Can a rise in female angel investors help close the funding gap?

Photo-by-Tim-Gouw.jpe - Research last month from the Women’s Business Council and Deloitte found the proportion of women starting their own firms fell in 2014, despite a record number of new company registrations. There are a range of reasons why – limited access to mentors and networks, lack of self-confidence and a ‘lower appetite for risk’ among some female entrepreneurs.

The lack of female investors out there may also play a part. There are numerous routes to funding but angel investment is still mainly driven by men. Considering we often hear that investors invest in those with characteristics they see in themselves, it’s not surprising to note there can be a pattern to the ‘type’ of businesses that receive funding. A study of 220 UK start-ups by Startup DNA found male entrepreneurs are 59% more likely to secure angel investment.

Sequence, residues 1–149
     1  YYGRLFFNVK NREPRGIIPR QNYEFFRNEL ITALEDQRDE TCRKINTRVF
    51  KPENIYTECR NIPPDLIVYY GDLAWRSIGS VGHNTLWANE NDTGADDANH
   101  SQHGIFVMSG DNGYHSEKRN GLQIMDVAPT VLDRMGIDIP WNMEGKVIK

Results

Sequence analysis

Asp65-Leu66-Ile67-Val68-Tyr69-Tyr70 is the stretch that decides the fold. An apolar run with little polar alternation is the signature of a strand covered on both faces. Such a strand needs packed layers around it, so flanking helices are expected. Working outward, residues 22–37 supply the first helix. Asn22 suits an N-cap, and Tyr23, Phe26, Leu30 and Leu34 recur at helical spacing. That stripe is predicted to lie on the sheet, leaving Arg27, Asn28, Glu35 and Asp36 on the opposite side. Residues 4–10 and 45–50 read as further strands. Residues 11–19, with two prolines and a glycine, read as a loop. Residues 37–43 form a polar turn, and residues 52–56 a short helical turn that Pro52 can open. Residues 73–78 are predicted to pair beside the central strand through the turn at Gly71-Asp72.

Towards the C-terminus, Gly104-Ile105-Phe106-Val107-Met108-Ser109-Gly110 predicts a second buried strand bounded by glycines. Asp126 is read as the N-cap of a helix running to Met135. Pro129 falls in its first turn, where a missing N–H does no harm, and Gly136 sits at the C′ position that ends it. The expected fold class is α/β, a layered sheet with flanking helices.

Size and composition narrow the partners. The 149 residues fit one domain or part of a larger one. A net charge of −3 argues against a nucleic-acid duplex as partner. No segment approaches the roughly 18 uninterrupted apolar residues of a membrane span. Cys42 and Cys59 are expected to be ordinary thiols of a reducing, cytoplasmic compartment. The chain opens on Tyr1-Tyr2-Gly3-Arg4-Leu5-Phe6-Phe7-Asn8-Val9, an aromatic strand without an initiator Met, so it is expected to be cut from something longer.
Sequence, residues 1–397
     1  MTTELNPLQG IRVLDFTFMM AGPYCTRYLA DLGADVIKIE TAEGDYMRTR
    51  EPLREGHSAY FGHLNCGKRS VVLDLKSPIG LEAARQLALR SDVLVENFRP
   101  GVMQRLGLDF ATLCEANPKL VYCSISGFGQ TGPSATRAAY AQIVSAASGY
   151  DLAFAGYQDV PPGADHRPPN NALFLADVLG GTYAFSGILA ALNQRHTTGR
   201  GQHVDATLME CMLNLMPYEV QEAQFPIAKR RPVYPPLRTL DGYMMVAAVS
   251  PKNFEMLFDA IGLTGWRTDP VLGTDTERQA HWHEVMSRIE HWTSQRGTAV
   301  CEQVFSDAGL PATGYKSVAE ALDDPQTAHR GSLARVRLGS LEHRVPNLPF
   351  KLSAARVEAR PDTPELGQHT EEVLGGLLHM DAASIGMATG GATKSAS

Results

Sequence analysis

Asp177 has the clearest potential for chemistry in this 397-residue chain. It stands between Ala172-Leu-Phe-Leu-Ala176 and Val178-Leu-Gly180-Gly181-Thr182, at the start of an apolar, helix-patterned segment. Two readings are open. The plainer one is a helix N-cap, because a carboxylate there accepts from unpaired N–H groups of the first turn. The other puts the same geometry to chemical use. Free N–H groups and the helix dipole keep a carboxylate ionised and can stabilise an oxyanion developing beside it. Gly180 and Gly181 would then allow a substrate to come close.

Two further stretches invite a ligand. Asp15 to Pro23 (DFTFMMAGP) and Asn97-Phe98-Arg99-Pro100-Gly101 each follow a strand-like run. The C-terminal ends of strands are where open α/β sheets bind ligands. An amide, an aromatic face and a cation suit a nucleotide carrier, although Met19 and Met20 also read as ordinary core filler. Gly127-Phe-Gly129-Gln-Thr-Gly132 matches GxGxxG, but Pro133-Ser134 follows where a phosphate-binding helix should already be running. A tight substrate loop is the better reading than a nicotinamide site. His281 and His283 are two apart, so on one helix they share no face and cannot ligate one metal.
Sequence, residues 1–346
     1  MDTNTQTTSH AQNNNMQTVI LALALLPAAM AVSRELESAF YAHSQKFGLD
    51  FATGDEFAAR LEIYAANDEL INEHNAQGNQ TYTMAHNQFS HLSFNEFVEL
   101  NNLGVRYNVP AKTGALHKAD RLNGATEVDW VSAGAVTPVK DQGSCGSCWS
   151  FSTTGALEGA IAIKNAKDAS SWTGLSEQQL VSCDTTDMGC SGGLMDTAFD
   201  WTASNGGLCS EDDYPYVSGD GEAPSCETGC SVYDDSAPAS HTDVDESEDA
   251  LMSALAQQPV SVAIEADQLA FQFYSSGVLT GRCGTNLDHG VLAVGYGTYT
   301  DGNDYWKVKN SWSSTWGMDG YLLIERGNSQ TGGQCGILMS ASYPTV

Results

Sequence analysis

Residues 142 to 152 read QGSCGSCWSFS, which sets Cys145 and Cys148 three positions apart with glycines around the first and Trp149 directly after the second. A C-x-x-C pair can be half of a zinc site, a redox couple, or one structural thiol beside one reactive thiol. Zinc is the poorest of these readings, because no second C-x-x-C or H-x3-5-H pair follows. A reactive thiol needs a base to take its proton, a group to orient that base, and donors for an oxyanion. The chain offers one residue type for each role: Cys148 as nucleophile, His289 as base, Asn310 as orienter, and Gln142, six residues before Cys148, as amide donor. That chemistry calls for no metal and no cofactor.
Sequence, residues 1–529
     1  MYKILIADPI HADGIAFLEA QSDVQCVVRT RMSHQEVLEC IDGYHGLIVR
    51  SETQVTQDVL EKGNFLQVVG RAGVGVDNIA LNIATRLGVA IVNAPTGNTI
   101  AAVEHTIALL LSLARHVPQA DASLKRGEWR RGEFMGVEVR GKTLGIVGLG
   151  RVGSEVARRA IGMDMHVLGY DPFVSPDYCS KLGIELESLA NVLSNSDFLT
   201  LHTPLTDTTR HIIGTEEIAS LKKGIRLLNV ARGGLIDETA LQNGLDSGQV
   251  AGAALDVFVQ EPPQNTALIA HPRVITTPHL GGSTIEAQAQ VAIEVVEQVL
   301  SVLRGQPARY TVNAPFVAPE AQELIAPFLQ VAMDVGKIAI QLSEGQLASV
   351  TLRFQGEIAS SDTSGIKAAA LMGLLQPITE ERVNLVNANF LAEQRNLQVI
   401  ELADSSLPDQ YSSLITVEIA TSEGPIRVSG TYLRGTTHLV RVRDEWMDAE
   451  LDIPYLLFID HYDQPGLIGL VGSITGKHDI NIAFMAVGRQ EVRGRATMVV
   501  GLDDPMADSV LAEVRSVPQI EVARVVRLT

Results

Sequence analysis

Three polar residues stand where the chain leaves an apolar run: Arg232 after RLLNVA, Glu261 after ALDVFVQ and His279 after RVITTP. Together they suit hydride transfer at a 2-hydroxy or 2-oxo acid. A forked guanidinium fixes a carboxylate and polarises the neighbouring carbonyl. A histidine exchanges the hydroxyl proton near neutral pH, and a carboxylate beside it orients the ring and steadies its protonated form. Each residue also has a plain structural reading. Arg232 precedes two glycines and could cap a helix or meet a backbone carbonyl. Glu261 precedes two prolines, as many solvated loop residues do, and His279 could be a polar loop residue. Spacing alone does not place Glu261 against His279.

The situation is improving, though. Women now represent one in seven angel investors in the UK, double the rate in 2008, according to the UK Business Angels Association and the Centre for Entrepreneurs. But that’s still a big disparity. Rich lists might still be populated primarily by men, but the gap is closing. CEBR research back in 2005 suggested women now own 48% of Britain’s assets.

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